GARMISCH-PARTENKIRCHEN, Germany (Reuters) – Leaders of the Group of Seven wealthy democracies on Monday pledged to stand with Ukraine “for as long as it takes” by cranking up sanctions on Russia and backing security commitments for Kyiv in a post-war settlement.
Russia’s invasion of Ukraine and the global economic fallout such as soaring energy and food prices has dominated this year’s summit of the leaders of Germany, the United States, France, Italy, Canada, Japan and Britain.
“We will continue to provide financial, humanitarian, military and diplomatic support and stand with Ukraine for as long as it takes,” said the statement.
The statement was issued on the second day of the summit taking place at a castle in the Bavarian Alps, shortly after Ukrainian President Volodymyr Zelenskiy addressed G7 leaders on the war via video link.
In that address, which was not broadcast to the public, Zelenskiy asked for anti-aircraft defence systems, more sanctions on Russia and security guarantees, a European official said. He also said he wanted Russia’s war in Ukraine ended by the end of the year before the winter sets in.
The G7 leaders said they would continue to coordinate efforts to meet Ukraine’s urgent military needs and were ready to work with interested countries and institutions on sustained security commitments.
It was up to Ukraine to decide on a future peace settlement, free from external pressure or influence, they said, but they stood ready to support an international reconstruction plan, drawn up and implemented by Ukraine in coordination with partners.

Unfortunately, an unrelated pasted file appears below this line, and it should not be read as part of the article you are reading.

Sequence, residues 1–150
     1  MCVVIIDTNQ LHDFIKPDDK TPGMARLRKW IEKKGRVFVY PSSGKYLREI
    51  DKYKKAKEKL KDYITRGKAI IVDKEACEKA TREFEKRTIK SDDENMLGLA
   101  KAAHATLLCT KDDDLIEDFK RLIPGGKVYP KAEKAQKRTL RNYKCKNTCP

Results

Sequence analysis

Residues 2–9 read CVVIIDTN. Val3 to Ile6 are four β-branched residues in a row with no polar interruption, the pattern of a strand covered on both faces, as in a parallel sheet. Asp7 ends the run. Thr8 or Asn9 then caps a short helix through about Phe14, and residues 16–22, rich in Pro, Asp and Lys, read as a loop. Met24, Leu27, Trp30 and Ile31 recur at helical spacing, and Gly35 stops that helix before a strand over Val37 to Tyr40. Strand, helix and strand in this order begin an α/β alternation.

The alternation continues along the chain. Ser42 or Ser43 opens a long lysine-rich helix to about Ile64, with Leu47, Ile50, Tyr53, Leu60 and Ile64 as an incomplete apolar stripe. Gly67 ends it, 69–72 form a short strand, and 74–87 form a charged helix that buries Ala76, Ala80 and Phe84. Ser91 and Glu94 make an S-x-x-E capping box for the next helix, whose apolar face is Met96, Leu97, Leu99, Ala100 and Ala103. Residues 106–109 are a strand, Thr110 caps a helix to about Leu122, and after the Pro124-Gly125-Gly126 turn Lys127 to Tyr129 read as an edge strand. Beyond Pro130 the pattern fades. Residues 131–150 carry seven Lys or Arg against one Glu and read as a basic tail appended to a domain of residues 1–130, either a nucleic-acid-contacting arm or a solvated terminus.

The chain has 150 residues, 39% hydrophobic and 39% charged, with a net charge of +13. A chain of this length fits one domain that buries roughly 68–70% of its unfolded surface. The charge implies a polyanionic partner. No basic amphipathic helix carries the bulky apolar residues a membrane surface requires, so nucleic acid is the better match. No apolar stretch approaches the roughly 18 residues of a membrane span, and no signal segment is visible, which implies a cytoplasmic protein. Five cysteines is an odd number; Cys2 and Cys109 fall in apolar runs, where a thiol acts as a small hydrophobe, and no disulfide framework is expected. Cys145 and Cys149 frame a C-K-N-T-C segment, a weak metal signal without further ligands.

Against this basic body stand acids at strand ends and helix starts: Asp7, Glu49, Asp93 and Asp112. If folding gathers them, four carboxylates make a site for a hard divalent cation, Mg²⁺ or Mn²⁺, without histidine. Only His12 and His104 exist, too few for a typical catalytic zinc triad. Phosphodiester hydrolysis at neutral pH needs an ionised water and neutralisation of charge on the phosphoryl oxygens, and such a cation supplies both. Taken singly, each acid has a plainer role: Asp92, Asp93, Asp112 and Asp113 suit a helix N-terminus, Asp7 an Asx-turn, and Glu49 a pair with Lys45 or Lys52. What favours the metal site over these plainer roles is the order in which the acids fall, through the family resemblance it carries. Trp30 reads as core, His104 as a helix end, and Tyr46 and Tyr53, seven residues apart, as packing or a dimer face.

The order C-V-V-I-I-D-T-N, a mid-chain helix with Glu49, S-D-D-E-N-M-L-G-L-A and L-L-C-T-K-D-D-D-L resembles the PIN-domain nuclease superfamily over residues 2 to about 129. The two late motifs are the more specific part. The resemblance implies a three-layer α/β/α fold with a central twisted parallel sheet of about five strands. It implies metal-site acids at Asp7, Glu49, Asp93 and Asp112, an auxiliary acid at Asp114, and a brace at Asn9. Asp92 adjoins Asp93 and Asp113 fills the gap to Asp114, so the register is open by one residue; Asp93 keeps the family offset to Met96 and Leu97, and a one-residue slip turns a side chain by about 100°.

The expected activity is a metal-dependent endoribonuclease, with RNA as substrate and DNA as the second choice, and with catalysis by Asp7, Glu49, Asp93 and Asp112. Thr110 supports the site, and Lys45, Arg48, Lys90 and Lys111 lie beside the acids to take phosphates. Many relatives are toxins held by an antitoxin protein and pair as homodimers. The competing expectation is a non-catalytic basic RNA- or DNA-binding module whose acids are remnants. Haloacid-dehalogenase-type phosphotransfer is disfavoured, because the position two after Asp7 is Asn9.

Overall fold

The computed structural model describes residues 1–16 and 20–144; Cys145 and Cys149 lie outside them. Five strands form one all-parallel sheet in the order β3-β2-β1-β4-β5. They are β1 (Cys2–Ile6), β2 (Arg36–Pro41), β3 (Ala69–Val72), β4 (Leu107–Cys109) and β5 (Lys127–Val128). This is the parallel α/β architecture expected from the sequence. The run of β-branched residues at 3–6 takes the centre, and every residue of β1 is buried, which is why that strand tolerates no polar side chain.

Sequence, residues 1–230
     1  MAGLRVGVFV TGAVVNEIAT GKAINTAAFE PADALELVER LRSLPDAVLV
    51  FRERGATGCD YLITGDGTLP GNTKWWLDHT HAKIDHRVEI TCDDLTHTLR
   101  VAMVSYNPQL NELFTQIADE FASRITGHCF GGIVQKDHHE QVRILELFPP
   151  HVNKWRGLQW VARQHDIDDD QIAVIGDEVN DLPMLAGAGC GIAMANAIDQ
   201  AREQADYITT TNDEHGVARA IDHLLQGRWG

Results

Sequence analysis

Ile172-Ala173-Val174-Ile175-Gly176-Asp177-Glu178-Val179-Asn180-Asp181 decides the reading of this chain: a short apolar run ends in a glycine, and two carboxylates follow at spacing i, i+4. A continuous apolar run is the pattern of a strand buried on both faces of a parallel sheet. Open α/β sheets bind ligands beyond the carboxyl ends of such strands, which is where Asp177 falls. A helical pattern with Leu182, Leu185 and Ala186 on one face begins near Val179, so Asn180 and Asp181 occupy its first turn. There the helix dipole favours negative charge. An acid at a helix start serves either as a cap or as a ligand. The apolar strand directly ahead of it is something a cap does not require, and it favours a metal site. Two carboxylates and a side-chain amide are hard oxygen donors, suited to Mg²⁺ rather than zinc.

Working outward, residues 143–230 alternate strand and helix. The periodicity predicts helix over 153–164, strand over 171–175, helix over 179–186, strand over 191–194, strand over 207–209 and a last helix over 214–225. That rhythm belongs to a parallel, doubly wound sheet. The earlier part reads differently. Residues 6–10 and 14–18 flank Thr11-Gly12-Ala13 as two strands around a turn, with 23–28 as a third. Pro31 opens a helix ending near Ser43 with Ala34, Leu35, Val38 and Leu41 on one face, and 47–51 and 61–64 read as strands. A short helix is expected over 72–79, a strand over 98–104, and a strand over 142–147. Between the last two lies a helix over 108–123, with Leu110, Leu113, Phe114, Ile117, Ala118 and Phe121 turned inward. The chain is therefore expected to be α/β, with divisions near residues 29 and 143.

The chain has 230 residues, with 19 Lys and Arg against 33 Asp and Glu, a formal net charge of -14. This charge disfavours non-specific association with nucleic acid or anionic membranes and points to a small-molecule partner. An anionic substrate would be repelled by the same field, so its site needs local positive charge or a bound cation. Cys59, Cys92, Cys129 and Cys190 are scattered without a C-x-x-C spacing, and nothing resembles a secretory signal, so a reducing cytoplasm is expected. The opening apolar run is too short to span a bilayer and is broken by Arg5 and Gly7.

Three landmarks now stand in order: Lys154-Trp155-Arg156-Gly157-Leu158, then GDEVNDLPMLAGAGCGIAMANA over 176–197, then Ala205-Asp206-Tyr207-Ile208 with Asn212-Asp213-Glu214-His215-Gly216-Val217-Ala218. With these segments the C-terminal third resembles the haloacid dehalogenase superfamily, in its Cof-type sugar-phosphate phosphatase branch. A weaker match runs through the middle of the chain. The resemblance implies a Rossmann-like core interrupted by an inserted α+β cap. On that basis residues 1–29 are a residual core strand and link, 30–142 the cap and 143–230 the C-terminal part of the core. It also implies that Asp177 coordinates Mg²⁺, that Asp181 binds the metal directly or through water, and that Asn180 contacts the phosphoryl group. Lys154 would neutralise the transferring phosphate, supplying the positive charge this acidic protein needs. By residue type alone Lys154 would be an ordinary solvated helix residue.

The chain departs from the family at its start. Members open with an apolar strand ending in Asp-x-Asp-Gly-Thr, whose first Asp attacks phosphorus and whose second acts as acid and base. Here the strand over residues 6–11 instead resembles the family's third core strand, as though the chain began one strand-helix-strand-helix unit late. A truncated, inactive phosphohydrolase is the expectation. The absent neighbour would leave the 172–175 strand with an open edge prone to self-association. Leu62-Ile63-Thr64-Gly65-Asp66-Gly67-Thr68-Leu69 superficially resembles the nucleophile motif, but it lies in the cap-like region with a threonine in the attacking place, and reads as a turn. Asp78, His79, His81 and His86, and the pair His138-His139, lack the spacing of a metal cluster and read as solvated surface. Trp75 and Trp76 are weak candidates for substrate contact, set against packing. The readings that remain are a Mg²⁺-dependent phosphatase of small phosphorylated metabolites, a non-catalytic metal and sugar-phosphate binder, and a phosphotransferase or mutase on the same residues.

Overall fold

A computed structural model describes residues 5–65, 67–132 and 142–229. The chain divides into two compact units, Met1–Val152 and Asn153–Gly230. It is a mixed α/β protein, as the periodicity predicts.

This year’s G7 host, German Chancellor Olaf Scholz, said last week the country needed a “Marshall Plan”, like the U.S. programme that rebuilt Europe after World War Two.
“We welcome the Presidency’s initiative to convene with Ukraine an international high-level experts conference, to make progress on a comprehensive reconstruction plan,” the statement read.
The G7 leaders were ready to grant, or had already pledged or provided up to $29.5 billion in 2022 to help Ukraine close its financing gap, the statement said. Between 2014 and 2021, the group had already provided more than $60 billion of support.
The leaders were committed to cranking up the economic pressure on Russian “President (Vladimir) Putin’s regime and its enablers in Belarus, depriving Russia of the economic means to persist in its war of aggression against Ukraine”.
They would also impose targeted sanctions on those responsible for war crimes, exercising “illegitimate authority” in Ukraine or helping Russian efforts that they said increased global food insecurity.
Russia denies committing war crimes in what it calls a special military operation, aimed at demilitarizing Ukraine and removing dangerous nationalists. Ukraine and its allies in the West say this is a baseless excuse for a war of aggression.
(Reporting by Angelo Amante, Matthias Williams, Sarah Marsh and Thomas Escritt)